Superstorm Sandy is threatening to drag the U.S. government’s debt-ridden flood insurance program back into the political crosshairs just months after Congress attempted to put the controversial program on a sound financial footing.
It is unclear if claims from Sandy, which delivered a wallop to the Northeast, will exceed the $3.7 billion the National Flood Insurance Program can spend before Congress needs to authorize more funds.
The largest private provider of NFIP policies, Wright Flood, said it expects Sandy will be the second-worst insured flood loss in U.S. history, behind 2005’s Hurricane Katrina. That disaster, with $17.7 billion in claims, plunged NFIP into debt that the government has said may never be fully repaid from premiums.
“It had become crystal clear, and it will probably become a little bit more clear post-Sandy, that the premium structure was woefully inadequate,” said Tom Santos, vice-president for federal affairs at the American Insurance Association, a trade group.
Santos noted that changes included in legislation passed in July will address some long-standing issues. Critics complain the NFIP subsidizes people who live and build in dangerous and environmentally sensitive flood zones from the coasts to the Midwest.
So far budget-focused lawmakers have been careful to not openly attack the program. But once Sandy’s flood damage is tallied, there could be renewed calls for subsidy cuts if the Federal Emergency Management Agency has to ask for permission to borrow more money to run the program, which would add to its debt of close to $18 billion.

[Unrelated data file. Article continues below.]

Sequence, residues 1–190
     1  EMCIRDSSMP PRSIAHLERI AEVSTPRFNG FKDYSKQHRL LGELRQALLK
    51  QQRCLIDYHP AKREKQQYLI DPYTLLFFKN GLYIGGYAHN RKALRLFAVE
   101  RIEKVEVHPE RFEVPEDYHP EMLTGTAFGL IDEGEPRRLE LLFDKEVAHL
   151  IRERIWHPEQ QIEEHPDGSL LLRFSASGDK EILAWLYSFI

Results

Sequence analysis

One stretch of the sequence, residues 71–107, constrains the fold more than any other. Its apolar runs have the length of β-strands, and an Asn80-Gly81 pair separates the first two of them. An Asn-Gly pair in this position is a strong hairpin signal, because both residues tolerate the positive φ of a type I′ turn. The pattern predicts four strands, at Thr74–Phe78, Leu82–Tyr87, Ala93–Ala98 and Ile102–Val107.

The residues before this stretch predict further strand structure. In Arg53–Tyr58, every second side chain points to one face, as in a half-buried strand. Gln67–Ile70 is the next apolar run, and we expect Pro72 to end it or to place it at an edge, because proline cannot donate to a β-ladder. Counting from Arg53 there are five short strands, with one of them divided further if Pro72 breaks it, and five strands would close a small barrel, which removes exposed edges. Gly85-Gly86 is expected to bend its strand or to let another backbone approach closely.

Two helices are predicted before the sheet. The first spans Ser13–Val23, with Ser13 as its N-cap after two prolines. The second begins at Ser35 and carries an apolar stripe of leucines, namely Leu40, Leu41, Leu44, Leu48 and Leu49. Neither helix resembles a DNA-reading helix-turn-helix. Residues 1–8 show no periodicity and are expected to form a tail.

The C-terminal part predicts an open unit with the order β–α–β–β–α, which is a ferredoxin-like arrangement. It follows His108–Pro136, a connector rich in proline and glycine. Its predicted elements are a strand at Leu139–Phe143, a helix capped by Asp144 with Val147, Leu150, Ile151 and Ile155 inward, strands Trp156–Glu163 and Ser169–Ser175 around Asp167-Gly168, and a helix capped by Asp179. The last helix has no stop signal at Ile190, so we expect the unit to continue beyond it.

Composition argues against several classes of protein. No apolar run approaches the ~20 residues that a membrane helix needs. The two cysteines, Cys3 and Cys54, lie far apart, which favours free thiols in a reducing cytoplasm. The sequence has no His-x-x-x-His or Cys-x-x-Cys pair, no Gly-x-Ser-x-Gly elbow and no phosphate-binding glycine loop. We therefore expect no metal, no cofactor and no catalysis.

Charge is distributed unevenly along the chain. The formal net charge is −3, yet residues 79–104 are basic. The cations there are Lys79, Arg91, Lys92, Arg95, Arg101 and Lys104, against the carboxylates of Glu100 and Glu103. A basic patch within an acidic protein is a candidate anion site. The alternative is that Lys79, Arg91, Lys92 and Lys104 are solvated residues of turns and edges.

In July, Congress passed a five-year funding plan that will update risk maps, phase-in higher premiums for more risk-prone areas, cut subsidies for flood insurance for vacation homes, and make changes to encourage private sector competition and gradually reduce the program’s debt.
Knowing the changes are coming may give lawmakers more comfort in agreeing to raise its borrowing cap, due to the extraordinary circumstances of the October storm, said a House Republican aide on background.
Lawmakers will watch to ensure the reforms take hold, but would be reluctant to start another battle over the program’s future so soon after coming to a five-year deal.
“This was a very solid bill, and we’re going to want to see it have a chance to take effect before we reopen that debate, I think,” the Republican aide said.
Smaller Claims Than Katrina
It is too early to tell whether Sandy’s flood damages will exceed the program’s resources. Wright Flood is receiving about 3,000 claims a day, said Patty Templeton-Jones, chief operating officer. That will rise as people return to their houses.
In total, she said FEMA is expecting claims on at least 80,000 policies after Sandy; Wright will handle about a quarter. But the claims may be smaller than usual. Like Hurricane Irene last year, many of the affected homes have basements, which receive only limited insurance coverage and take on most of the water that would otherwise flood the rest of the house.
The average payout on Irene claims was just under $30,000. Multiplied by 80,000 policies, that would imply a payout for Sandy of around $2.4 billion — well within the program’s $3.7 billion cushion.
“It is a contract between the insured and the federal government and I just don’t see that ever not being honored,” Templeton-Jones said.